Microsoft Hints of Acquiring Nook Media For $1 Billion

Nook_Media
After investing $300 million last year, Microsoft is now planning to have a Nook Media buy-out which may lead them to spend a staggering $1 billion for its digital assets and college stores as well. Since it is part of Barnes & Noble, the acquisition would also include the Barnes & Noble’s Nook tablets, e-books, and e-readers.

Reports are saying that Barnes & Noble plans to finally put an end to its Android-based Nook tablet devices at least towards the end of its fiscal year 2014. It seems like the company wants to focus on enabling those contents produced by Nook to be accessible by users through apps found on third-party partner devices. One could just speculate well enough what they mean by such devices. Perhaps it would point towards Windows 8 devices, other tablets, or maybe even both. There’s no mention about the company’s plans on its Nook e-readers.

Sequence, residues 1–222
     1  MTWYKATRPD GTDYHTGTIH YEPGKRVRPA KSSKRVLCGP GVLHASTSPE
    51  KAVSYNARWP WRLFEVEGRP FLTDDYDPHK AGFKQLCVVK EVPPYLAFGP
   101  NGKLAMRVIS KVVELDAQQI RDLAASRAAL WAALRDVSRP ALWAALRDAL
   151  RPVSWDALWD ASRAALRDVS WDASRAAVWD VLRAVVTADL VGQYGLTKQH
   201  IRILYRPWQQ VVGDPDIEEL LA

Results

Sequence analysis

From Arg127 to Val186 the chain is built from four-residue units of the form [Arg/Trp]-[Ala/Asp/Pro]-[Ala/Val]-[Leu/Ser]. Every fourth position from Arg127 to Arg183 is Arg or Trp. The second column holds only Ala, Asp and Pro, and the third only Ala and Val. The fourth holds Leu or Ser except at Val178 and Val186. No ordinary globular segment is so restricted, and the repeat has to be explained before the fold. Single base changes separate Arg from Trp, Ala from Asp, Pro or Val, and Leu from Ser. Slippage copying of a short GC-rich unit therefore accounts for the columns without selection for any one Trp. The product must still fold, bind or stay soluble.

When news about the acquisition plans of Microsoft was leaked, it had actually caused an increase in Barnes & Noble shares by up to 22 percent.

If Microsoft’s plans would push through, it would be able to work closely with a partner that is very much qualified to provide more entertainment material for its devices. Microsoft is on the lookout for a reputable content partner company for them to be able to create content opportunities which would be a leap from the movies and music provided by the Xbox Live. Moreover, it could be a start of a new venture in the e-textbooks market which is believed to be a thriving industry.

Currently, Microsoft has control over Nook Media by 16.8 percent. However, evidence of this partnership is only seen when the Nook eReader app was launched for Windows 8 during the fall of 2012.

We know very well that Barnes & Noble’s arch rival in the eReader business is Amazon. Now that Microsoft is buying out Nook Media, it will surely be a sad end to the finish line for Barnes & Noble. On the other hand, it could also be the unseen destiny of the Nook e-reader as it’s now suffering from a natural decline since customers have been switching from e-readers to tablets.

About Faisal Ebrahim